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Becket This work has been published in the Teen Ink monthly print magazine.

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     In an effort to bring to screen the comedy andtragedy of St. Thomas à Becket, director Peter Glenville offers aspectacular portrayal of this timeless story. The wonderful acting and greatscreenplay (adapted from Jean Anouilh's play) make the 1964 film one for theages. It is a magnificent achievement of movie-making, proving that a great storycan live on.

In the early 12th century, King Henry II, who had invadedparts of France, rules England. The movie is set during a period of rebuildingfor France, while bitter animosity continues between Henry and his advisor,Thomas à Becket, a man of Saxon descent with great ambition. The two havebeen close friends since childhood, but realize their political differences afterthe king appoints Becket Archbishop of Canterbury.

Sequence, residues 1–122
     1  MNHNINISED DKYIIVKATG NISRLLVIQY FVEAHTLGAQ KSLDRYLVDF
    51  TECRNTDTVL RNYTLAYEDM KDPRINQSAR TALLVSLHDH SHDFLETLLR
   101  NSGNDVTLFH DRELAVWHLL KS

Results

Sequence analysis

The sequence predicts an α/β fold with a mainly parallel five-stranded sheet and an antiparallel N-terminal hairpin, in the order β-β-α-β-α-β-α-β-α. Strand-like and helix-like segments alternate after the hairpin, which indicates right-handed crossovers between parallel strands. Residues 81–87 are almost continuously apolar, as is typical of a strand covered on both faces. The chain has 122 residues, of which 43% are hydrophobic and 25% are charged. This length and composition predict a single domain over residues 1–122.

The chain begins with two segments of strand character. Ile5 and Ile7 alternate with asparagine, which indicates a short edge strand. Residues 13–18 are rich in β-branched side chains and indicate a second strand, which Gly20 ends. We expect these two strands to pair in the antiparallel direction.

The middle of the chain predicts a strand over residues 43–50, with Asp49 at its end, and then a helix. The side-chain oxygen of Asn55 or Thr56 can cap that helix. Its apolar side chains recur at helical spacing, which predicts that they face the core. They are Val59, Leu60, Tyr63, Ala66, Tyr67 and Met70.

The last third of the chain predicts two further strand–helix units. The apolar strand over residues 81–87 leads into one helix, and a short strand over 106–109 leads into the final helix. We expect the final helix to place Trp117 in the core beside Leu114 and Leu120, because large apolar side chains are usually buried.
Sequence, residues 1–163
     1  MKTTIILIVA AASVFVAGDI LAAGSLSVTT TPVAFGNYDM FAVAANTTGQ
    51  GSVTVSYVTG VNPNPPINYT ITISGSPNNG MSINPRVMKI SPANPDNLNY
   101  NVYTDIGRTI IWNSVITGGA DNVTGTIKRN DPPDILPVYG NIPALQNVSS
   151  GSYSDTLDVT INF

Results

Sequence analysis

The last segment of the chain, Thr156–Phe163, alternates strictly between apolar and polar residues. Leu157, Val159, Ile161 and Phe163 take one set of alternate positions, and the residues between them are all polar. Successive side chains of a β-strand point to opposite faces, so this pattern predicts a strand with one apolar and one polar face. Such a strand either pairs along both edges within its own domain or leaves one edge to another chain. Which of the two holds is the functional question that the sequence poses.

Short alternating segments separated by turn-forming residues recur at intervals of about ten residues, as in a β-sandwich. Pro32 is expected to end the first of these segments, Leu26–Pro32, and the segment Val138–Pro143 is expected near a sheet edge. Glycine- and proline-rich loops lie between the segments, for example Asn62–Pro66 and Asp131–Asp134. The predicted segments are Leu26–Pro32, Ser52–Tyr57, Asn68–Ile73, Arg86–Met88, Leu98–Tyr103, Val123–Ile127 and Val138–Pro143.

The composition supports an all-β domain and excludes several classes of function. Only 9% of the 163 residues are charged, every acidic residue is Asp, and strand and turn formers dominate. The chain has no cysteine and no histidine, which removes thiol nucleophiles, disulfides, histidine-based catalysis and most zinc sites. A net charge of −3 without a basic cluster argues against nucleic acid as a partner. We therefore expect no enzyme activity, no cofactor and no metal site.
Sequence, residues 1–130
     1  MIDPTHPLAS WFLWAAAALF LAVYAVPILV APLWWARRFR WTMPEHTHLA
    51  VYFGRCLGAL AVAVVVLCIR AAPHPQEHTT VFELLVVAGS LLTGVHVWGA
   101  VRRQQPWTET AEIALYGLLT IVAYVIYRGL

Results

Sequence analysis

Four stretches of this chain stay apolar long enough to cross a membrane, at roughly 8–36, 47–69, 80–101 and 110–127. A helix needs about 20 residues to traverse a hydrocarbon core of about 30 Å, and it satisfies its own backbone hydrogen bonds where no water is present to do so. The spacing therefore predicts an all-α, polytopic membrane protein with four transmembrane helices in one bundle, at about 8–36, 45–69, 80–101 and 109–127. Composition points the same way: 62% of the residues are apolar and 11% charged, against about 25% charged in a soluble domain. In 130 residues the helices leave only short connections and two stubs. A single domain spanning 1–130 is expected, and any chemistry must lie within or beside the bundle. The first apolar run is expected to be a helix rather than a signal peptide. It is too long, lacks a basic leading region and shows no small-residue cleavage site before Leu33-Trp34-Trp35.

Peter O'Toolemagnificently portrays the morally weak King Henry. Richard Burton plays theperfect foil as Becket, who is down-to-earth with a life centered around hiswork. These actors are still regarded as two of the greatest ever. Without them,the movie could have been just another B flick.

The realism of the timesmay be lost to many. The costumes and scenery make the movie feel very authenticto its period.

One of the few drawbacks, its lack of special effects,makes "Becket" drag in parts. There is not much filmmakers were able doin 1964, but "Becket" was nominated for 12 Academy Awards.

Iurge everyone to rent this movie. I can almost assure you that you willhave a great time.

This work has been published in the Teen Ink monthly print magazine. This piece has been published in Teen Ink’s monthly print magazine.






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